Search Results

You are looking at 1 - 3 of 3 items for

  • Author or Editor: F. E. Grahek x
  • Refine by Access: All Content x
Clear All Modify Search
B. A. Ridley
and
F. E. Grahek

Abstract

Details of a reaction vessel suitable for atmospheric measurements of nitric oxide at parts per trillion mixing ratios using the chemiluminescent reaction with ozone are provided. It is designed to operate at an ambient air flow of 1 standard liter per minute, much lower than most current high performance instruments. The savings in weight, space and power for a complete instrument allow obvious advantages for multispecies measurements using smaller aircraft.

Full access
B. A. Ridley
,
F. E. Grahek
, and
J. G. Walega

Abstract

An instrument for tropospheric O3 measurements based on the chemiluminescent reaction between nitric oxide and ozone is described. It was designed as part of a larger instrument package for simultaneous measurements of NO, NO2, NO y and O3 using smaller aircraft. The sensitivity of the O3 instrument is 2000 counts per second per ppbv O3, giving very high signal-to-noise ratios and a detection limit well below 0.1 ppbv. The instrument has been used in several research programs using the NCAR Sabreliner jet aircraft, and some results from these flights are presented. As configured for these flights, the instrument is operated with a 2-s integration time. However, suitable and readily made changes in operating conditions should allow sufficiently fast response for eddy correlation flux measurements from an aircraft or in ground-based programs.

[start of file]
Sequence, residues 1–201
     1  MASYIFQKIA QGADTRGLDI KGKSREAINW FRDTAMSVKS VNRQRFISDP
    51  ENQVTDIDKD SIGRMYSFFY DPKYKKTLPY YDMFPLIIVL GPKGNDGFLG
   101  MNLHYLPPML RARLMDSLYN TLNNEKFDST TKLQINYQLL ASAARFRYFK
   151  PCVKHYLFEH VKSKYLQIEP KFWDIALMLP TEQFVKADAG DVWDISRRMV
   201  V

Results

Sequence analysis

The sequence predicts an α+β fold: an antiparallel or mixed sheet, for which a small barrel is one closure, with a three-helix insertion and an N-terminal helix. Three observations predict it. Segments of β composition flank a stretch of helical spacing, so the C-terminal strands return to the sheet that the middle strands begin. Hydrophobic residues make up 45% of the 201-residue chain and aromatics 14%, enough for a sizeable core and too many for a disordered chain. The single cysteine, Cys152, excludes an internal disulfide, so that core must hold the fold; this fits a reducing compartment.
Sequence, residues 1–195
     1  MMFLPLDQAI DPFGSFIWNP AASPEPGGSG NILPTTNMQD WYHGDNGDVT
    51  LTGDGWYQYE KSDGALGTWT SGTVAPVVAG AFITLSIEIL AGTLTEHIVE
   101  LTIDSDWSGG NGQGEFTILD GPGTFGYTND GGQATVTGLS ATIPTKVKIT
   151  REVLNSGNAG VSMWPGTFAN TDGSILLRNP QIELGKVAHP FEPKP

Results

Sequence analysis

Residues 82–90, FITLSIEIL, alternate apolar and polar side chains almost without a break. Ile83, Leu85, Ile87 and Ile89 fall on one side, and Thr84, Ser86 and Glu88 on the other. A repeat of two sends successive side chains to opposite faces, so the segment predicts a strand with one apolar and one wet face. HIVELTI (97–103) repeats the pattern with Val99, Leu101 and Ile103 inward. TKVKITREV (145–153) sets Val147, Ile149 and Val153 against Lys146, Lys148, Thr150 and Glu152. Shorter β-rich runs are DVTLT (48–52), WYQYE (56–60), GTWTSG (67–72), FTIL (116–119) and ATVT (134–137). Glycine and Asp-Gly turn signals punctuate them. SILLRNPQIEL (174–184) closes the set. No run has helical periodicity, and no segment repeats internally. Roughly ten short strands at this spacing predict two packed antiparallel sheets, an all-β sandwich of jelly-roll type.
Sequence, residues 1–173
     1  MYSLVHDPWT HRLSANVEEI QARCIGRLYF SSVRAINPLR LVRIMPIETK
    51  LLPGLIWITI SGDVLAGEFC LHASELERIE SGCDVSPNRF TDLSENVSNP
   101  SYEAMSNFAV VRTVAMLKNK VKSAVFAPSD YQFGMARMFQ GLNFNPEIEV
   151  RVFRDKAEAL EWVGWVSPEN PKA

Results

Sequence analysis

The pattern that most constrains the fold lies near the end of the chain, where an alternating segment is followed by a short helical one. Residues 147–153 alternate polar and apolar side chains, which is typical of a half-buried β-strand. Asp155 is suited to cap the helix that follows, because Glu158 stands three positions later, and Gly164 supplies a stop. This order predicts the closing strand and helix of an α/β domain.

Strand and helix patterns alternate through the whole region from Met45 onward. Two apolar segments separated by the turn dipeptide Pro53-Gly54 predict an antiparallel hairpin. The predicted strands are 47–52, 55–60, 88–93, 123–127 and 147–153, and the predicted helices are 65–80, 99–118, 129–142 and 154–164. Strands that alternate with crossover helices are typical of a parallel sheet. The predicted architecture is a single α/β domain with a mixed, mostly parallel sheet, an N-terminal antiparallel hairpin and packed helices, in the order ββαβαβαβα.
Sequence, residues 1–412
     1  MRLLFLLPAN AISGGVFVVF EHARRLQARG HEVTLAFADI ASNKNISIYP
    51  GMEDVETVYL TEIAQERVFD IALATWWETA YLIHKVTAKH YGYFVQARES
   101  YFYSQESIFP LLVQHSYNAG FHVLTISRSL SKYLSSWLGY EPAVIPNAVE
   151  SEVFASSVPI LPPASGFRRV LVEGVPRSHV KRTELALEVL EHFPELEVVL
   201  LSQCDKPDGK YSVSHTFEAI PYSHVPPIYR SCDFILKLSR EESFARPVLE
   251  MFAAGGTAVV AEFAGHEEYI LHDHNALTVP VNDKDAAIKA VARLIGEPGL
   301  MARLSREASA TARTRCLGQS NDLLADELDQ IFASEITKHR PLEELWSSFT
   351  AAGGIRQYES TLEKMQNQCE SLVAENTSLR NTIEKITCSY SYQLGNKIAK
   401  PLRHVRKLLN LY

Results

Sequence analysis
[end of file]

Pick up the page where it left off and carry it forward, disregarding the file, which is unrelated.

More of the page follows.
Full access
R. D. Cadle
,
F. E. Grahek
,
B. W. Gandrud
, and
A. L. Lazrus

Abstract

The relative efficiencies of impactors of the type used by Junge and co-workers for collecting stratosphere sulfate particles and of filters used in these laboratories have been determined by flying these collecting devices on the same aircraft in the stratosphere. The impactors have less than 20% of the efficiency of the filters for total sulfate. At most, a small percentage of the stratospheric sulfate was present as the ammonium salt. At least about half of the ammonium ion found on the impactors could have resulted from reaction of the collected samples with ammonia in tropospheric air.

Full access